Donohoe said he hoped for “more substance and less spin” from Donnelly on the topic.

He said he wished that the Fianna Fáil TD would acknowledge the progress made by the government.

“This is a challenge that will take years collectively, to respond to. And we will,” Donohoe says.

He says the government will build on what it has already delivered.

Sinn Féin’s Mary Lou McDonald is up next.

She wishes Enda Kenny and his family “the best for the future”.

“But, for most people, he was a very bad Taoiseach,” she said.

She says that all Kenny delivered was “crisis after crisis” and that the government had delivered “chaos in spades”.

“He came in at a time of crisis, and leaves in a time of crisis.”

McDonald also criticises the agreement between FF and FG.

She also has a go at the “great demoniser” of the poor and the minister of “chronic homelessness”, referring to Leo Varadkar and Simon Coveney.

The Sinn Féin TD says that neither would have a clear mandate from the people to lead the government.

mary lou 2

“Do you agree that the new Minister should call a general election?” she asks Donohoe.

The Fine Gael Minister responds that all Sinn Féin is interested in is “continued strife”.

He defends the government’s record, citing the bank bailout and the high unemployment rate it inherited in 2011.

“Enda Kenny led a government that many people, including YOU, argued was not possible: lead to a recovered society,” Donohoe says.

He says McDonald sees economic progress everyday – new Luas, Grangegorman campus – that she said wasn’t possible.

He says that McDonald’s statement made clear the “Sinn Féin agenda” of crisis.

paschal 2

The Minister’s recipe for “continued progress” is that children at a school in their local constituency waited 20 years for a school, says McDonald.

“This government is not about stability,” she says. “It is about inertia, and chaos.”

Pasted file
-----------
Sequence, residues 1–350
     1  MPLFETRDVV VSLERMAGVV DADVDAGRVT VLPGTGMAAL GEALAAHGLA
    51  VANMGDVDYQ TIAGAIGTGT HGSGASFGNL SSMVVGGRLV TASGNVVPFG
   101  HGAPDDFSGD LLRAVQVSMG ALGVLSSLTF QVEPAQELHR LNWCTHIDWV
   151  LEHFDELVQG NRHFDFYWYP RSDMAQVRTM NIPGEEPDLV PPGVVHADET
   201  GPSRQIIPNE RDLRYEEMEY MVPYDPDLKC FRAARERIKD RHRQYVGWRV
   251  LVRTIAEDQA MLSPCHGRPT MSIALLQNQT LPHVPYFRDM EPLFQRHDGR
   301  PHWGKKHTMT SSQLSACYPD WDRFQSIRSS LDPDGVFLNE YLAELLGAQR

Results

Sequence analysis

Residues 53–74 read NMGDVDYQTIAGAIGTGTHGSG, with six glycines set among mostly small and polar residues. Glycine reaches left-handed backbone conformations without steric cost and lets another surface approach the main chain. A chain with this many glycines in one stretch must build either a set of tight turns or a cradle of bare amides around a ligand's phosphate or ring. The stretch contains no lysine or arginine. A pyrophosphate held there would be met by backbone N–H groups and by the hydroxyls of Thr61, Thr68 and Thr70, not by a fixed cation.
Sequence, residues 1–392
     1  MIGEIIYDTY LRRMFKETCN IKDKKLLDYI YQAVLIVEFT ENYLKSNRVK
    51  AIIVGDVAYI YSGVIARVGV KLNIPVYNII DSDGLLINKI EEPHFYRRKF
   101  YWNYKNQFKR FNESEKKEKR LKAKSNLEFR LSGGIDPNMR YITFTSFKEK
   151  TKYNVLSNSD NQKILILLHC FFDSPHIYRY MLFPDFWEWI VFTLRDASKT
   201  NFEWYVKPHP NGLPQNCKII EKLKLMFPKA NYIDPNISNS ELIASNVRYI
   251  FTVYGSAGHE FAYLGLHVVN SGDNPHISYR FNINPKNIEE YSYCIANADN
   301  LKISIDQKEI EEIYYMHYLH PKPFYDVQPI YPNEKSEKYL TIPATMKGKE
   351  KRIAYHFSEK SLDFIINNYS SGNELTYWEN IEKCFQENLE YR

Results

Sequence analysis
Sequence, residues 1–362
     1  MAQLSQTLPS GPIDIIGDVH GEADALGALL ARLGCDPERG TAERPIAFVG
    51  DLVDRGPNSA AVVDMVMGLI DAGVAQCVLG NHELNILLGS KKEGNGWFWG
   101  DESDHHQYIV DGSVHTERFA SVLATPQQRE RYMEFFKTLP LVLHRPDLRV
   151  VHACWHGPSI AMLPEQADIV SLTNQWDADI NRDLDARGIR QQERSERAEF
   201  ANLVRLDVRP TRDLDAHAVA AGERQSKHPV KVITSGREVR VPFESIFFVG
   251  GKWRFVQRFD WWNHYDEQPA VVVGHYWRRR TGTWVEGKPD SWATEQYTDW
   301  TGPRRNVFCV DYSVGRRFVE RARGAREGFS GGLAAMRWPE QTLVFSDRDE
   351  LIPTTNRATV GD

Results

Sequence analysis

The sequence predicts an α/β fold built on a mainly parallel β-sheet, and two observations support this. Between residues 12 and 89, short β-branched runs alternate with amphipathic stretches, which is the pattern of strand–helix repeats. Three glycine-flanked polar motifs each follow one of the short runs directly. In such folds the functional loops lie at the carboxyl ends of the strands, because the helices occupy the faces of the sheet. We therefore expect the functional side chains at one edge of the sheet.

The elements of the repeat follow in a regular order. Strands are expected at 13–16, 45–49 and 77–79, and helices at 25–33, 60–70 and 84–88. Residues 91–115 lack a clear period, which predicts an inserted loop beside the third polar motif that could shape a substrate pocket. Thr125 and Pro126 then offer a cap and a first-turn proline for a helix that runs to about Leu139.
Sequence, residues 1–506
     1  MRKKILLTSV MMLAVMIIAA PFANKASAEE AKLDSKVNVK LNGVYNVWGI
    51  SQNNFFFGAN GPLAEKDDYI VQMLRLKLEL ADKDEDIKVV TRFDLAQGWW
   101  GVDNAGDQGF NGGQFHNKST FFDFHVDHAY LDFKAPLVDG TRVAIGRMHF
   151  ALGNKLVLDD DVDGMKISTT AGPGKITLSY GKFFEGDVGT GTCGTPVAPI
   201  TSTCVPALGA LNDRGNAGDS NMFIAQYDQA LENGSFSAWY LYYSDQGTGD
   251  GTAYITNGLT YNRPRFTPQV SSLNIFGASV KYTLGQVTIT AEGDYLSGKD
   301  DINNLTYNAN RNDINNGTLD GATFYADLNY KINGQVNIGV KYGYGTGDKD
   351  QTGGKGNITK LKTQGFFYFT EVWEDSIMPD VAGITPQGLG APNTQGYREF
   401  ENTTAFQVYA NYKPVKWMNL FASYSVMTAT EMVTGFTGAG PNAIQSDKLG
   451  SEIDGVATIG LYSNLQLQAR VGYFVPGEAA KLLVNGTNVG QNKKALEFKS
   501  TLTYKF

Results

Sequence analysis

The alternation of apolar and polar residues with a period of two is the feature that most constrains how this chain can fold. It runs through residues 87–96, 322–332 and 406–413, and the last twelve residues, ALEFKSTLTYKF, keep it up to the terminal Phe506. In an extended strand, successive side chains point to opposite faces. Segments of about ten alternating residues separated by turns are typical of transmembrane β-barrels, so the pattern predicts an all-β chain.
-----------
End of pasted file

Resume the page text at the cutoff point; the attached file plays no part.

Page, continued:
She says Donohoe seems very sure of himself.

“Should the new leader call a general election?” she repeats.

Donohoe doesn’t answer directly, pointing to a number of measures that the government has followed through on.

Mick Barry, from Solidarity-PBP , up next.

He says that the conversation around Enda Kenny has been one-sided so far. He has a go at editorials speaking positively about Kenny.

All the praise coming his way is different from the views of many others around the country.

He says the Taoiseach is bequeathing “shocking social inequality”.

“An Ireland where a job is no longer a guarantee of a roof over your head. This is the Ireland Enda Kenny helped to shape,” Barry says.

He says the “two young princes waiting in the wings” supported Kenny and the Fine Gael party in this.

He says “an honest historian” would say that Kenny’s legacy would the inequality in the country.


“You have no monopoly of compassion,” Donohoe retorts.

He accuses Barry of perpetuating the “creed of strife”.

The Minister again points to progress made by the government in education, health etc.

“There are no princes or princesses in our party. We represent all levels of society,” he says.